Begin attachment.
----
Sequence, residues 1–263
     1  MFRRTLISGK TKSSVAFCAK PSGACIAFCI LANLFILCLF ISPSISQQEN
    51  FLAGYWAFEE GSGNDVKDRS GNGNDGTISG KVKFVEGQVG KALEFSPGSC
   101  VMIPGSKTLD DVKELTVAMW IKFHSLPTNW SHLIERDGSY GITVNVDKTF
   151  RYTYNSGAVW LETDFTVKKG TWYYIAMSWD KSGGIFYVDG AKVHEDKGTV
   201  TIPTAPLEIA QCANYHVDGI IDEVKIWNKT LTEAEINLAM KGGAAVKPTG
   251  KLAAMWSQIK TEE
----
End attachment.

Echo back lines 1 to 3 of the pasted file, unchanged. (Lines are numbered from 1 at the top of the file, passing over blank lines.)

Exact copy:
Sequence, residues 1–263
     1  MFRRTLISGK TKSSVAFCAK PSGACIAFCI LANLFILCLF ISPSISQQEN
    51  FLAGYWAFEE GSGNDVKDRS GNGNDGTISG KVKFVEGQVG KALEFSPGSC